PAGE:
At my work site we are replacing the copper pipes with the CPVC for hot water and cold water which is exposed to the sun.

Zuhair Hasan, maintenance - supervisor
- Manama, Bahrain


July 1, 2010

A. Because I hold a master plumber license from the State Board of Plumbing Examiners, I feel competent to post an answer to this question. Is PVC safe? As for water consumption from a PVC pipe, yes, it is safe. Now, is it safe to plumb the inside of your home with PVC? The answer according to the International (section 605.4) and Uniform (section 604.1) Plumbing Codes is NO!

One reason for this is thermal expansion. PVC is not rated for hot water. Even though a contractor installs PVC on the cold water supply side of the system, PVC still comes in contact with hot water.

Let me explain. When water is heated, it expands. If you were to touch both the cold side inlet and hot side outlet at a water heater, you probably would not know which one was the cold side or which one was the hot side. They are both warm. That's because the heated (expanded) water must travel somewhere when the hot side cannot accommodate the room. The cold side system will allow water to travel back into it's point of origin. Point of origin can be at a water meter, well pump, etc. So, in the long run of this answer, PVC pipe is not rated for hot water and using PVC can lead to leaks causing structural damage to the home.

I have also heard the question "Won't a thermal expansion tank eliminate this problem?" No, the tank can only hold so much pressure, heat will still continue to travel through the lines.

As for a cost factor, yes, copper is expensive. According to code, a home can be plumbed with CPVC on the hot and cold sides of the system.

I hope this helps. Have a great day!

Susan Rouse
- Universal City, Texas


August 13, 2010

Q. Aside from the dangers of PVC leaking over time when used for Hot water, are there any dangers of the PVC leaching chemicals when used for Hot water?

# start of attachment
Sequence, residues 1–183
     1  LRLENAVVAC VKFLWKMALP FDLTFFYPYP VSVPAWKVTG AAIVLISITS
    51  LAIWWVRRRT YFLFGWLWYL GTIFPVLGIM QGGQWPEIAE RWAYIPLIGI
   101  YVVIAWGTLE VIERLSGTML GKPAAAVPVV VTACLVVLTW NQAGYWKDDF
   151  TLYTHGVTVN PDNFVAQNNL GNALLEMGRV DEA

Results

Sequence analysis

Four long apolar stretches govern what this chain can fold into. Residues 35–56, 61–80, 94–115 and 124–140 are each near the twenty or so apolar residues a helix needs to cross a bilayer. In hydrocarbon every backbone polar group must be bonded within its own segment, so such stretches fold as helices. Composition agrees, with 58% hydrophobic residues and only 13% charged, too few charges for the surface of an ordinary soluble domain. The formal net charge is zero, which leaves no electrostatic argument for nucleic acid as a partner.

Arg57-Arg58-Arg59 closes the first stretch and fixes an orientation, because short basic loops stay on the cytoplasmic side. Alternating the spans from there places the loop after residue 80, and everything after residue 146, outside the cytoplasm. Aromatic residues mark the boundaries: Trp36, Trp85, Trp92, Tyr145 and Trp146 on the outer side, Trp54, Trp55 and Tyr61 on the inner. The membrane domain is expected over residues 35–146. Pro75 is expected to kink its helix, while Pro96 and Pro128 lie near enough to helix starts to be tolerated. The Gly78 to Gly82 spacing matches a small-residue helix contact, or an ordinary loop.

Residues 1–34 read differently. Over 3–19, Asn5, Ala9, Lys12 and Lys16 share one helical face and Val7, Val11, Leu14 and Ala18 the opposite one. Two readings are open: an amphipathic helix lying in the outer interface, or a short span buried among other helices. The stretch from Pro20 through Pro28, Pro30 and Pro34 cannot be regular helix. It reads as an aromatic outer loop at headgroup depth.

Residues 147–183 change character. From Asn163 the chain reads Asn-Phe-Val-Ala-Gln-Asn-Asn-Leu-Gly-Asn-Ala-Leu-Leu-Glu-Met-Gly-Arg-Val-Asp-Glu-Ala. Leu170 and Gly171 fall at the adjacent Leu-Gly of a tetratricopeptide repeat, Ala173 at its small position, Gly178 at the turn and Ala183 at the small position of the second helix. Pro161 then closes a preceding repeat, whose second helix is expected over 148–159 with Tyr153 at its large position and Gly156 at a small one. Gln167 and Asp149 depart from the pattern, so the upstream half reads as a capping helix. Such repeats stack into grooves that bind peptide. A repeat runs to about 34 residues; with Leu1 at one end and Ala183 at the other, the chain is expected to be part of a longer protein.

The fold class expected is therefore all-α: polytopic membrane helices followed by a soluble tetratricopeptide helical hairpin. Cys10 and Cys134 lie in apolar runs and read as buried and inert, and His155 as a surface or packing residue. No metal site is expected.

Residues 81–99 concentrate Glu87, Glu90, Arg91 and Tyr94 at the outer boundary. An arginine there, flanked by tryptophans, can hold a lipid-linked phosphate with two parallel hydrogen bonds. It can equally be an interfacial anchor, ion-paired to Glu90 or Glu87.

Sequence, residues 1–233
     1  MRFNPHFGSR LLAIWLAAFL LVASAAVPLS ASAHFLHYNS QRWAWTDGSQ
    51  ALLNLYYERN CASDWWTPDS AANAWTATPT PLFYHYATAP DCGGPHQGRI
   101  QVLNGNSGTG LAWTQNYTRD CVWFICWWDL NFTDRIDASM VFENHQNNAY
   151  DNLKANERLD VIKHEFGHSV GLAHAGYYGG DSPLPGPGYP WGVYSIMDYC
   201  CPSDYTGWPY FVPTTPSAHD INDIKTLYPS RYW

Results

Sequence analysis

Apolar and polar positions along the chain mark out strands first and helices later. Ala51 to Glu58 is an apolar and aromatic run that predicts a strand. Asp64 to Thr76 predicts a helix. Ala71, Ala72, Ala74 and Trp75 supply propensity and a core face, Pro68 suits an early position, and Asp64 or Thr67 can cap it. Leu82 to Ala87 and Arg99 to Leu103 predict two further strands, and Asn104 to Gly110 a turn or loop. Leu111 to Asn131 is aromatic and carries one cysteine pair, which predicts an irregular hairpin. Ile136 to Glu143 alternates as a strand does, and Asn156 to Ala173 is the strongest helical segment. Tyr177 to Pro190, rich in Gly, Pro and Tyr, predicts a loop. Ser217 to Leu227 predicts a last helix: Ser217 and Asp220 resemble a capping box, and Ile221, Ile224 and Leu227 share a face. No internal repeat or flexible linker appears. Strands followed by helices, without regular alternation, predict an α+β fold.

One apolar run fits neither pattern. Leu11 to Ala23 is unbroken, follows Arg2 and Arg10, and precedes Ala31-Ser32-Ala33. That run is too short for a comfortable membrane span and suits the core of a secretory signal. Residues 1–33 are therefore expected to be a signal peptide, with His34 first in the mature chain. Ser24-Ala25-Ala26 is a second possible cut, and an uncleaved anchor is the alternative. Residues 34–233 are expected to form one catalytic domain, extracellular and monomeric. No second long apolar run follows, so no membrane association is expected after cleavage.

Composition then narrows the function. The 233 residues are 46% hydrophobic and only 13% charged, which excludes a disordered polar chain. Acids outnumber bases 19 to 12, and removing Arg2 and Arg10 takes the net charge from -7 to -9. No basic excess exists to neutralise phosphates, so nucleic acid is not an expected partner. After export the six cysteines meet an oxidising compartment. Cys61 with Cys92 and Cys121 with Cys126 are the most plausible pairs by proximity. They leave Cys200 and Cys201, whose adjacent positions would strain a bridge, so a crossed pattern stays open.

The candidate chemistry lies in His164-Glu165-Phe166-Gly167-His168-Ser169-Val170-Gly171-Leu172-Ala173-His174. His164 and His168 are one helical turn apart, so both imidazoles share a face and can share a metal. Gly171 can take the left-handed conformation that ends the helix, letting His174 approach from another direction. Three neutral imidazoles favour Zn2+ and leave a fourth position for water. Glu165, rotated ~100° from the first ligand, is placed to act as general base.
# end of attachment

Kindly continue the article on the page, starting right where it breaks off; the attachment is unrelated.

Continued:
Keith Bien
- Wildwood, Georgia


July 7, 2011

Q. I have a question about running a PVC water supply line. I am going to need to install a water supply line to our new house in a few days, and in our area of the country there is a lot of rock in the soil; so much so that a rock saw is going to be needed to dig the trench for the water line. My question is, at two feet down, is the soil stable enough not to break the glue connections of the PVC pipe from movement? Should I run the 2" water line inside of perhaps a 4" pipe so that the larger pipe takes the strain of any soil movement? (I actually thought that the rock would make for much less soil movement, but the water main installer for the water co-op mentioned it.)

Any thoughts would be appreciated.

Edwin in Texas

Edwin Stephens
- Fort Worth, Texas

December 29, 2011

Q. Red Hot solvent versus IPS 711 for a industrial application? Water intake drinking water for the city Of Stockton, CA. The supply piping is copper the vents are PVC on the outside of the wall studs.
That blue color is not very pleasing to the eye on a white and grey background.

Bob Carlon
- Santa Maria, California

January, 2012

A. Hi, Bob.

Sorry, but I'm not understanding your question. Red Hot is a dry chemical consisting of sodium hydroxide and aluminum that gets hot when wet, to better clear clogged drain lines. IPS, as far as I could quickly learn, is apparently a PVC glue. So, does "blue ... on a white and grey background" imply that the glue is blue and unattractive on gray and white PVC plumbing? What is the question?

Regards,

pic of Ted Mooney Teds signature
Ted Mooney, P.E. RET
finishing.com
Pine Beach, New Jersey

January 16, 2012